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News: Turkey
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Archaeologists say they believe the cave was some kind of shrine from a prehistoric society. Photo Credit: AA/Daily Sabah.
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by Archaeology Newsroom

Prehistoric cave paintings found in southern Turkey

The 8,000-year-old find were almost intact

Prehistoric cave paintings discovered in Turkey are almost fully intact. The announcement was made on Friday at a press conference. The cave paintings are about 8,000 years old and they were found at the southern city of Mersin, in the Gülnar district.

The discovery is significant since the paintings seem to be in the same setting as findings of similar rock art on the ancient Latmos Mountains in western Turkey. They also provide an insight in the region formerly known as Cilicia in a prehistoric context.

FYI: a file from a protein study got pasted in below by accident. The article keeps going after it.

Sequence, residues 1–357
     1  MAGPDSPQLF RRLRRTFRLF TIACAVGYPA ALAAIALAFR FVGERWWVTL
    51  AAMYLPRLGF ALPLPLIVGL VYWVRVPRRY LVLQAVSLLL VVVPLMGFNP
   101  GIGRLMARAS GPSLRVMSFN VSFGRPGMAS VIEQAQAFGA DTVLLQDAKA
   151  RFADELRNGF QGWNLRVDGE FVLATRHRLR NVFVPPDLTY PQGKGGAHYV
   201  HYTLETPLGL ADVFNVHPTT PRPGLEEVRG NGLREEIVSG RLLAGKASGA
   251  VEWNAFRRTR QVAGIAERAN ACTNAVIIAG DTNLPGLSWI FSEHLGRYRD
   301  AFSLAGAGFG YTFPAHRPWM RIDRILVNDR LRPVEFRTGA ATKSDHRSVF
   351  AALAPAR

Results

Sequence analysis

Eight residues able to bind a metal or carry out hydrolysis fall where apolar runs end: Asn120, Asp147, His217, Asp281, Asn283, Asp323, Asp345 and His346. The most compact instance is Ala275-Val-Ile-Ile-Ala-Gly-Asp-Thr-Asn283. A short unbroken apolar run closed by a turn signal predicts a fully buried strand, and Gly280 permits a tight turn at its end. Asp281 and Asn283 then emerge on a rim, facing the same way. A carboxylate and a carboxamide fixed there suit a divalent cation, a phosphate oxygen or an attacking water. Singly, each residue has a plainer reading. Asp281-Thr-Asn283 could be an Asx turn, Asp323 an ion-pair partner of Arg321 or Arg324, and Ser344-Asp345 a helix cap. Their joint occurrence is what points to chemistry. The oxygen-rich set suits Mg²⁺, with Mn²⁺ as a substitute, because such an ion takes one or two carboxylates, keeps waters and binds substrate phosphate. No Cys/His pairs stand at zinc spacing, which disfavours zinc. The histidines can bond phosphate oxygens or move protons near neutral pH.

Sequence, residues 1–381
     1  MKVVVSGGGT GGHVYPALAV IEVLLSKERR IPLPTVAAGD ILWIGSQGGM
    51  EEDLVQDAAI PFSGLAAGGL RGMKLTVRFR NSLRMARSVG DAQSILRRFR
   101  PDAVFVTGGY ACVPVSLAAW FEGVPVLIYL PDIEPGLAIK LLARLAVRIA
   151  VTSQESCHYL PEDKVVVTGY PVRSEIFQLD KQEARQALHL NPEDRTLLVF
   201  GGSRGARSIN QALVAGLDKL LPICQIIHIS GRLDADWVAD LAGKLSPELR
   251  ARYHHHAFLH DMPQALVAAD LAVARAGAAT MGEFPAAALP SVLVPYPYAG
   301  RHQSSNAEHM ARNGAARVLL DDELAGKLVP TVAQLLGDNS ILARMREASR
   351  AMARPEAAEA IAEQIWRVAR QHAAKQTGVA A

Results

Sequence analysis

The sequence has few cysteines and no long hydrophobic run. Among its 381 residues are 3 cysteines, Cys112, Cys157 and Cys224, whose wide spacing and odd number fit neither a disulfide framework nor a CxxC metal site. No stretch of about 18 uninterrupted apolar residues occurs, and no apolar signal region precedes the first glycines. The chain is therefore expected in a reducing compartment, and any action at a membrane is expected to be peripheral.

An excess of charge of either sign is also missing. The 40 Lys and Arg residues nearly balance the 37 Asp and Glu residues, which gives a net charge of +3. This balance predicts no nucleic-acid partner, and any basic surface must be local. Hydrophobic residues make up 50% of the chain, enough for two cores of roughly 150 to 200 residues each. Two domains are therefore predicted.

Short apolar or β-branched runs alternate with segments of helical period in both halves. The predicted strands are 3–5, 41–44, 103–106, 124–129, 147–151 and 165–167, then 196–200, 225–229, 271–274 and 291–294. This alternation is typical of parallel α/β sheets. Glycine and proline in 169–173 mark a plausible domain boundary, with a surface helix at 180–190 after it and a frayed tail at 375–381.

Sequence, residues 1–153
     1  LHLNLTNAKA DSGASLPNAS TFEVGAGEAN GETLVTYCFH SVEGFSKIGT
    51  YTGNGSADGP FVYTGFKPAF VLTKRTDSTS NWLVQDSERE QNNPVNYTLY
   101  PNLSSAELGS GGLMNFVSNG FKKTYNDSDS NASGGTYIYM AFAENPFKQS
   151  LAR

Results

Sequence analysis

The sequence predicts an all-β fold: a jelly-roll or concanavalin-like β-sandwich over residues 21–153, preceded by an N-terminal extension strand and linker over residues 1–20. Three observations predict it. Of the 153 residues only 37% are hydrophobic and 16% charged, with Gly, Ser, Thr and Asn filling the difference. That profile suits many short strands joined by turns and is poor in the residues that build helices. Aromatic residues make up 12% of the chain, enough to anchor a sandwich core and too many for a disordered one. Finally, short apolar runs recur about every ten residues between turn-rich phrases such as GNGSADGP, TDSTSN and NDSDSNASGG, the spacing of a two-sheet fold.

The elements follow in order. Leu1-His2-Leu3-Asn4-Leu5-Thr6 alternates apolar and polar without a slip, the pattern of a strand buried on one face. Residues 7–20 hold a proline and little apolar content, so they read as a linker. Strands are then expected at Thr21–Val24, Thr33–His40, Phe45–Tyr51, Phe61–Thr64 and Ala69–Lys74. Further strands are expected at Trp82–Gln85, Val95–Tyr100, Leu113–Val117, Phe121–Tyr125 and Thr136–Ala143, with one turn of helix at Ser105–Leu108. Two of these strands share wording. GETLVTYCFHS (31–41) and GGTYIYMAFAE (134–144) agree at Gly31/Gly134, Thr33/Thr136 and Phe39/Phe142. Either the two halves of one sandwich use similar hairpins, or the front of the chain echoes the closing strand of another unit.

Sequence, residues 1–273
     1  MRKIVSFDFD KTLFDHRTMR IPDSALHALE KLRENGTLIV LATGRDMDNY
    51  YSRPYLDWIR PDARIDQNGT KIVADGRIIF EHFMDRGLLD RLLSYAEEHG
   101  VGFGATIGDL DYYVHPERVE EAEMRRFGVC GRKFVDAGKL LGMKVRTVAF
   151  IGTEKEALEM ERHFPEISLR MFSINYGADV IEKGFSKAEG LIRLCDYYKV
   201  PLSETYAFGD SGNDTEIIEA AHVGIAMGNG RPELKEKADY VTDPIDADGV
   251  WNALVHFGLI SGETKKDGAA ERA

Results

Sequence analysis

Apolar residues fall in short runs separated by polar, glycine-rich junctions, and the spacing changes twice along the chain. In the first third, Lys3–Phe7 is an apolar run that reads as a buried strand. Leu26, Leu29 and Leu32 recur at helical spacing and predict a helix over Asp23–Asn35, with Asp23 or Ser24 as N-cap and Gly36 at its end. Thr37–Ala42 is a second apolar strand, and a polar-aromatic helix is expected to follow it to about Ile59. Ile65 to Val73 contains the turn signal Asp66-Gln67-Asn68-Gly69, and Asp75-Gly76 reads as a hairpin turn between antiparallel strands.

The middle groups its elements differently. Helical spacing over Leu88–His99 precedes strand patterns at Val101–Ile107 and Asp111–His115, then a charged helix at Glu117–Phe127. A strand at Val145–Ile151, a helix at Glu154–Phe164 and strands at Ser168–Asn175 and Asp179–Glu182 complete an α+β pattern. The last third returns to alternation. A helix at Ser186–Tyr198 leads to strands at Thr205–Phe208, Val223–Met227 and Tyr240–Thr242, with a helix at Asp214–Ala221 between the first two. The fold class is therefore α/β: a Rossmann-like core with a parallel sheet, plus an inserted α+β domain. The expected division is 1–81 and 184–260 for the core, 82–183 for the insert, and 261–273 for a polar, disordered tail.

According to Professor Murat Durukan of Mersin University and Associate Professor Serdar Girginer of Çukurova University, who worked at the excavation, cave paintings are discovered in Middle Toros for the first time, joining Cilicia with other parts of Anatolia through other findings in the area.

Archaeologists believe the cave was probably some sort of shrine, since most other cave paintings in Turkey were found in cult centres. The new discovery depicts dancing figures, probably representing rituals for the onset of spring, the beginning of harvest season or rites of passage. 

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